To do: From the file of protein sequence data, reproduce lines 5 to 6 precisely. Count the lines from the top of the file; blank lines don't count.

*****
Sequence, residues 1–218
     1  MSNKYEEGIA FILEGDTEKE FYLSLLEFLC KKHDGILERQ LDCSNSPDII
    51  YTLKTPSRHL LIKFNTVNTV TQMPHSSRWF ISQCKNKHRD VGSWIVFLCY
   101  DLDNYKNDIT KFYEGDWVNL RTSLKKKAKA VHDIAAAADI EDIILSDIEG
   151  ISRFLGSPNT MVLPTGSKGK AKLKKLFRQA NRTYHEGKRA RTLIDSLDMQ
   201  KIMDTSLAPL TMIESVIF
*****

   151  ISRFLGSPNT MVLPTGSKGK AKLKKLFRQA NRTYHEGKRA RTLIDSLDMQ
   201  KIMDTSLAPL TMIESVIF